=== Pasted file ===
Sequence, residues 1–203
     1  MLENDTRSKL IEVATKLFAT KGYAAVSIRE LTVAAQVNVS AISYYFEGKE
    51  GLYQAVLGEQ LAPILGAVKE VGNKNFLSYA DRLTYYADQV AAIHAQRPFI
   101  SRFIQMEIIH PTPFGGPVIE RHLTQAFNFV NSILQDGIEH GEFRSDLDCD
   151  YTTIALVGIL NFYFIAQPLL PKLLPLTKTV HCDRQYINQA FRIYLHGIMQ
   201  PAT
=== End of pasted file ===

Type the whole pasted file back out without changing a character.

Sequence, residues 1–203
     1  MLENDTRSKL IEVATKLFAT KGYAAVSIRE LTVAAQVNVS AISYYFEGKE
    51  GLYQAVLGEQ LAPILGAVKE VGNKNFLSYA DRLTYYADQV AAIHAQRPFI
   101  SRFIQMEIIH PTPFGGPVIE RHLTQAFNFV NSILQDGIEH GEFRSDLDCD
   151  YTTIALVGIL NFYFIAQPLL PKLLPLTKTV HCDRQYINQA FRIYLHGIMQ
   201  PAT